House Dem: Cain 'spewing hate, vile, and violent rhetoric' on border fence

A leading House Democrat is taking GOP presidential contender Herman Cain to task for suggesting an electric border fence would be the country's best defense against illegal immigrants. 

Rep. Silvestre Reyes (D-Texas) accused Cain on Tuesday of "spewing hate" and inciting violence without offering any real solution to the illegal immigration issue.

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"Words have consequences," Reyes said in a statement. "You would think that these tea party extremists would learn that spewing hate, vile, and violent rhetoric only serves to divide the country.

"Instead of making their campaigns about ideas, solutions, and hope," he added, "they use their time on the stage to make jokes about electrocuting migrants."

Cain raised eyebrows Saturday during a campaign stop in Tennessee, where he suggested the government erect a deadly electric fence at the nation's borders. 

"We'll have a real fence, 20 feet high with barbed wire, electrified, with a sign on the other side that says, 'It can kill you,' " Cain said to a cheering crowd. 

Cain later dismissed the notion that his proposal was "insensitive."

"What is insensitive," he said, "is when they come to the United States across our border and kill our citizens and kill our border patrol people."

A day later, the former Godfather's Pizza CEO walked back his remarks, telling NBC's "Meet the Press" that he'd only been joking.

"That is not a serious plan," he said. "I've also said America needs to get a sense of humor. That was a joke, OK."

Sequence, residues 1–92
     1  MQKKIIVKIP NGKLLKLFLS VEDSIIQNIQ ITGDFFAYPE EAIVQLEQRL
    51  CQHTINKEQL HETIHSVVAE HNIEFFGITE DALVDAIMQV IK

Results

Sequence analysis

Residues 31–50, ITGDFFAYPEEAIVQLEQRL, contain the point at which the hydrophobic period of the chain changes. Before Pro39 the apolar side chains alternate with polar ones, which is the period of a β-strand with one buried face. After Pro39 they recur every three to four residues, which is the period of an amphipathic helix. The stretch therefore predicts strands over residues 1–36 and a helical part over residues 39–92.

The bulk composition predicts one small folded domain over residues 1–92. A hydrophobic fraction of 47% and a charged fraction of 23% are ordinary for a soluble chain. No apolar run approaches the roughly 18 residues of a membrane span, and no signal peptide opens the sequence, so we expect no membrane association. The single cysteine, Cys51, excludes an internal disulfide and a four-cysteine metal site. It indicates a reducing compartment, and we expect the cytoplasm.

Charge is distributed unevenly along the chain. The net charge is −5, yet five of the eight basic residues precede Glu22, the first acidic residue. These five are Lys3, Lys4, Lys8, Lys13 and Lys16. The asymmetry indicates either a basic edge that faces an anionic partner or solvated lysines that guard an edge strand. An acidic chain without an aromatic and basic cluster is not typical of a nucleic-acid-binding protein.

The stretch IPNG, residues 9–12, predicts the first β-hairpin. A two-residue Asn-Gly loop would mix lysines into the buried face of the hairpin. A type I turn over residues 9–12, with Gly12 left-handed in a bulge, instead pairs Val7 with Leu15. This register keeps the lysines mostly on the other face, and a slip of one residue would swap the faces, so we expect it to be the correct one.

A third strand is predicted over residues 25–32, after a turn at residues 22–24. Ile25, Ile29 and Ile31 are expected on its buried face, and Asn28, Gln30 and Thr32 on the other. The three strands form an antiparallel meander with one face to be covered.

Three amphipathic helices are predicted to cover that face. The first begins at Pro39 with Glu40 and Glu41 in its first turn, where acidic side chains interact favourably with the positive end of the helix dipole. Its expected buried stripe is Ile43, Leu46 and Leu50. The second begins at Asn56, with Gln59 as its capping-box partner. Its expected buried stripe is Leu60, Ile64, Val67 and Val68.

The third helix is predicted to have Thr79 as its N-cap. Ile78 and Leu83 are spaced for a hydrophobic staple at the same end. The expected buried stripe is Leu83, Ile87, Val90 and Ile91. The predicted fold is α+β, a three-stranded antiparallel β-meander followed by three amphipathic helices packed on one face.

The explanation did little to satisfy immigrant-rights groups, who are also attacking Cain's comments this week.

“Cain may have been ‘joking,’ but suggesting that murder is a way to address illegal immigration just isn’t funny,” Frank Sharry, executive director of America’s Voice, an advocacy group, said Monday in a statement.

Reyes, for one, agrees, referencing the January shooting of Rep. Gabrielle Giffords (D-Ariz.) to argue that violent rhetoric "should not be tolerated" and that those who use it "need to be held accountable for their actions."

"It is evident that immigrants are being demonized and used as scapegoats by some of the most radical elements within the Republican Party," Reyes said. "I hope that, Mr. Cain as a leader in the Republican Party and a candidate for the presidency, goes beyond his apology and makes a commitment to advancing solutions on the topic of immigration like moving forward with comprehensive immigration reform."

Reyes's comments came on the same day that the Homeland Security Department announced that the agency deported almost 397,000 illegal immigrants in fiscal year 2011 — the most in the agency's history.